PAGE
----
|This article does not cite any references or sources. (November 2006)|
|History of Lingayatism|
|Basava · Allama Prabhu · Akka Mahadevi
Siddharama · Channabasavanna · Siddalinga
Chamarasa · Somanatha · Others
|Beliefs and practices|
|Guru · Linga · Jangama
Ashtavarana · Shatsthala
Panchachara · Ishtalinga
Daasoha · Sharana
Karana Hasuge · Basava purana
List of lingayats
Anubhava Mantapa (Kannada: ಅನುಭವ ಮಂಟಪ) was an academy of mystics, saints and philosophers of the Lingayat faith in the 12th century. It was the fountainhead of all religious and philosophical thought pertaining to the Lingayat. It was presided over by the mystic Allama Prabhu and numerous Sharanas from all over Karnataka and other parts of India were participants. This institution was also the fountainhead of the Vachana literature which was used as the vector to propagate Lingayata religious and philosophical thought. Other giants of Lingayat theosophy like Akka Mahadevi, Channabasavanna and Basavanna himself were participants in the Anubhava Mantapa. The Anubhava Mantapa was originally called the Shivanubhava Mantapa.
Anubhava Mantapa was an academy of mystics, saints and philosophers of the ‘Lingayata’ faith in the 12th century. It was the fountainhead of all religious and philosophical thought pertaining to the Human Values, Ethics. It was presided over by the mystic Allama Prabhu and numerous Sharanas from all over Karnataka and other parts of India were participants. This institution was also the fountainhead of the Vachana literature which was used as the vector to propagate Sharana’s views and philosophical thought. Other Sharana’s and Sharanes theosophy like Akka Mahadevi, Channabasavanna were participants in the Anubhava Mantapa.It was a unique socio spiritual revolution to establish an egalitarian society.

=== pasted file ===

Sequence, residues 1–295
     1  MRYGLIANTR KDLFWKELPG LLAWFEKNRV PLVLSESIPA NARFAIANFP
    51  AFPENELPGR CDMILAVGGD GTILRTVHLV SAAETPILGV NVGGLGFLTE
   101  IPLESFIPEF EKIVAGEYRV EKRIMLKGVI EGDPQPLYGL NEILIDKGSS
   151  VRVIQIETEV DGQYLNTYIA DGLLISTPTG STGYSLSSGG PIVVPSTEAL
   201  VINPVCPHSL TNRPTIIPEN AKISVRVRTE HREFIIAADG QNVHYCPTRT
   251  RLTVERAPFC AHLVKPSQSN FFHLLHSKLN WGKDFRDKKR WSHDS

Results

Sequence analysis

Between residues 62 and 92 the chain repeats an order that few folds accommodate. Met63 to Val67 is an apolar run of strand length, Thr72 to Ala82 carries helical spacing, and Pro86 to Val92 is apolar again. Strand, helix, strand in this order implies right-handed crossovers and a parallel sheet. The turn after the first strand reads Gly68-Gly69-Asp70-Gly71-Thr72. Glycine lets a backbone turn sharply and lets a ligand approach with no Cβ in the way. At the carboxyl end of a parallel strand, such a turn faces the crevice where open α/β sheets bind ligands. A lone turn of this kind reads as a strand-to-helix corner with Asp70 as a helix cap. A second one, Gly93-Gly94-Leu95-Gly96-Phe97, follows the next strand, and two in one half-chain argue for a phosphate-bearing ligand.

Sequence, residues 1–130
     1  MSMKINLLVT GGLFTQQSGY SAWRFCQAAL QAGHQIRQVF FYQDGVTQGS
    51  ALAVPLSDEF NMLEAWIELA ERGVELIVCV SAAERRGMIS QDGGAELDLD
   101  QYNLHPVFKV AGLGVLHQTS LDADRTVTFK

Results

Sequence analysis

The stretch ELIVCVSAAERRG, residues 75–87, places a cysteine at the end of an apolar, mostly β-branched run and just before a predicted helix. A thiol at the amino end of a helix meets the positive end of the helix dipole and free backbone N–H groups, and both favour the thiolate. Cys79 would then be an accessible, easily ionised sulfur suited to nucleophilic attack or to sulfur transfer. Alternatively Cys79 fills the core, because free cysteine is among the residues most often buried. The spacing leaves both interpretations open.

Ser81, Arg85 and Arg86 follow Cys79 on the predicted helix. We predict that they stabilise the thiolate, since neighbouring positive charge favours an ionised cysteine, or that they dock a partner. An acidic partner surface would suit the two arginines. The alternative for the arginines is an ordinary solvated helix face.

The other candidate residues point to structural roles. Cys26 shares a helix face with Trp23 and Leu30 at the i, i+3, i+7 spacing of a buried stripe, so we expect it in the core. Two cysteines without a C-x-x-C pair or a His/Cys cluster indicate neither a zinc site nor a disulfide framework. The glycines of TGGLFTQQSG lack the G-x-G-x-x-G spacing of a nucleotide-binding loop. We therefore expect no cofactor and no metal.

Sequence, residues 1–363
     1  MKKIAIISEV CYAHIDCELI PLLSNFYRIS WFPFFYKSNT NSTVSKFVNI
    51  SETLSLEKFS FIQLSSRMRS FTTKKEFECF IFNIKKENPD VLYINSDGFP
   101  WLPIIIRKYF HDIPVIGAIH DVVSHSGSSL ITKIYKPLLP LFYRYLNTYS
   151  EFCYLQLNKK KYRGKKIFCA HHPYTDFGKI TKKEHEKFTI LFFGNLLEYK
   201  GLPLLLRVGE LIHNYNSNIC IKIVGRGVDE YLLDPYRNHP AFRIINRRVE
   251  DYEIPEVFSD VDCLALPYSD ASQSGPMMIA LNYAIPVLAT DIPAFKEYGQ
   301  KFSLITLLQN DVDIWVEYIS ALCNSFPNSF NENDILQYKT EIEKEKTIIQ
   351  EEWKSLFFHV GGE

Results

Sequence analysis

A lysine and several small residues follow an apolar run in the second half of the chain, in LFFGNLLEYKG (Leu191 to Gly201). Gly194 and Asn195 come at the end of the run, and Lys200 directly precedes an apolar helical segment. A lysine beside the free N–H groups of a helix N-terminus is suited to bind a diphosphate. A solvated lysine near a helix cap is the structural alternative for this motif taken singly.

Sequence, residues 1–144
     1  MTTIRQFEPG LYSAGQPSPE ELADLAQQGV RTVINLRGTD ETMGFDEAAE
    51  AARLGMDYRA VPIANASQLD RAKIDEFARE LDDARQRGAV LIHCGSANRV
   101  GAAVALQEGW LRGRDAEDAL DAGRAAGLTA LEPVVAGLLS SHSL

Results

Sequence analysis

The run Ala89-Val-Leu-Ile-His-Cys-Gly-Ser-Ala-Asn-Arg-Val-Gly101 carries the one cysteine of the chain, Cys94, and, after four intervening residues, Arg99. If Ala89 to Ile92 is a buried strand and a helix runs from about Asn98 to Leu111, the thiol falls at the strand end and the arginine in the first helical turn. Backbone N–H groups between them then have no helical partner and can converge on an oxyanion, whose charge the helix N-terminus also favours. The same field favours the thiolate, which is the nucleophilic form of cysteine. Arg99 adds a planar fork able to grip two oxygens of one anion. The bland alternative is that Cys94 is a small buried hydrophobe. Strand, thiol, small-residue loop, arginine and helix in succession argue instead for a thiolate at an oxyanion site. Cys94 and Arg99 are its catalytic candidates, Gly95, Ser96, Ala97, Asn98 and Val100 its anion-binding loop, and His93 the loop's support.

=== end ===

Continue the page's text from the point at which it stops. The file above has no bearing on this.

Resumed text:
The Anubhava Mantapa worked to build a Vibrant casteless, creedless Society with full of Human Values propagated trough Vachanas
The movement initiated by Basava through Anubhava Mantapa became the basis of a sect of Human values. It gave rise to a system of ethics and education at once simple and exalted. It sought to inspire ideals of social and religious freedom, such as no previous faith of Earth had done. In the medieval age which was characterized by inter-communal jealousy, it helped to shed a ray of light and faith on the homes and hearts of people. But the spirit soon disappeared after the intermarriage that Basava facilitated came to an abrupt end when the couple were punished for the same by the King. The dream of the classless society was shaken and Basava soon realised the meek picture and left for Kudala Sangama and a year later died.
The movement gave a literature of considerable value in the vernacular language of the country, the literature which attained the dignity of a classical tongue. Its aim was the elimination of the barriers of caste and to remove untouchability, raising the untouchable to the equal of the high born. The sanctity of family relations and the improvement in the status of womanhood were striven for while at the same time the importance of rites and rituals, of fasts and pilgrimages was reduced. It encouraged learning and contemplation of God by means of love and faith. The excesses of polytheism were deplored and the idea of monotheism was encouraged. The movement tended, in many ways, to raise the nation generally to a higher level of capacity both in thought and action. However, the sect failed to bring about a completely classless society.